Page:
Perfect mix for potting power
HUMANS have been using pots to transport plants from camp to camp since prehistoric times. We have come a long way since then, and so have the plants the pots and the mixes in which they grow.
Many gardeners of my grandfather’s and even my father’s generation dug soil out of the garden to use in pots.
This can be a problem as soil does not behave the same way in pots as it does in the ground. Sandy soil will drain too well and then become hydrophobic and clay soils can stay too wet and will set like concrete.
There are a few qualities that a good potting mix should have, one is that it should drain well and the other is that it should have good water capacity.
This last statement may sound like a contradiction in terms but there are a few different classes of water.
The mix should be able to hold onto water in its pores – this is called capillary water – but excessive water should be free to drain away, this is referred to as gravitational water.
A good mix should hold and release nutrients well and it should have a neutral and stable Ph.
In normal garden soil, neutral Ph is about seven, this is when all the nutrients are unlocked and accessible to plants, but in potting mixes which are comprised of a lot of organic matter, neutral is about 5.5 to 6.
You may have come across the term “air fi eld porosity” in relation to mixes, this just means how light and fl uffy the mix is.
This is especially important in relation to seed raising mixes because airy mixes mean good root development.
Most mixes should have a fairly regular particle size and they need to be dense enough to provide the plant with good support so it does not just fall over.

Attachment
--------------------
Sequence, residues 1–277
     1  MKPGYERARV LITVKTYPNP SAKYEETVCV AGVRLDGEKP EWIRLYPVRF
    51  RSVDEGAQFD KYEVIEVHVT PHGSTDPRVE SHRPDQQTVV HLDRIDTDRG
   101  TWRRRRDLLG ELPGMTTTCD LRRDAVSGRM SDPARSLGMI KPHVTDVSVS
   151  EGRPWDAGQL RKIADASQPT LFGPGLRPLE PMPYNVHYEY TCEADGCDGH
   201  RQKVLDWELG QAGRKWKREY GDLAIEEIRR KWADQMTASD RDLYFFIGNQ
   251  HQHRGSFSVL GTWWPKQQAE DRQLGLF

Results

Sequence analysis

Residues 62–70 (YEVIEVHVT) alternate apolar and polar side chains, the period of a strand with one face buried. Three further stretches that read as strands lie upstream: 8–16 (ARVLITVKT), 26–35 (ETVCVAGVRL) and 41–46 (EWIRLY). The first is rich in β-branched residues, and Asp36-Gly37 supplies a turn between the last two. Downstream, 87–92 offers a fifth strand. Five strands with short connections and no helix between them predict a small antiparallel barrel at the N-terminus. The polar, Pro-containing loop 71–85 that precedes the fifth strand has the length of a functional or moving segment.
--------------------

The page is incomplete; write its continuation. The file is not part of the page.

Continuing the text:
You can either start from scratch and make your own potting mix or you can adapt an existing mix to your own needs.
There are several ingredients you can play around with that will form the main part of your mix:
Coir fi bre: Has good water and nutrient holding capacity.
Coarse washed river sand: Is dense and adds structure to the mix and also provides good drainage.
Composted bark: Good nutrient and water holding capacity.
Mushroom compost: Provides good stability, water and nutrient holding capacity.
Vermiculite: Good water and nutrient holding capacity.
Perlite: Good to lighten the mix, it can be advisable to wet it down before use as it can be dusty.
Fertiliser: This can be blended through the mix or added to the pot after. Remember, what fertilisers you use will depend on what plants you are growing. Personally I prefer a complete organic fertiliser as this feeds the potting mix as well as the plant.
Seed raising mix: Equal parts perlite and coir fi bre. I mulch the top of the pot or tray with a thin layer of vermiculite to protect the young seedlings and keep them moist.
Cutting mix: Equal parts course sand and coir fi bre.
Basic mix: One part course sand, one part composted bark and one part mushroom compost.
There are many potting mixes available on the market and making your own will not necessarily be any cheaper but you are able to tailor the mixes to the needs of the plants you are growing and it is also loads of fun. It is the gardening version of baking a cake.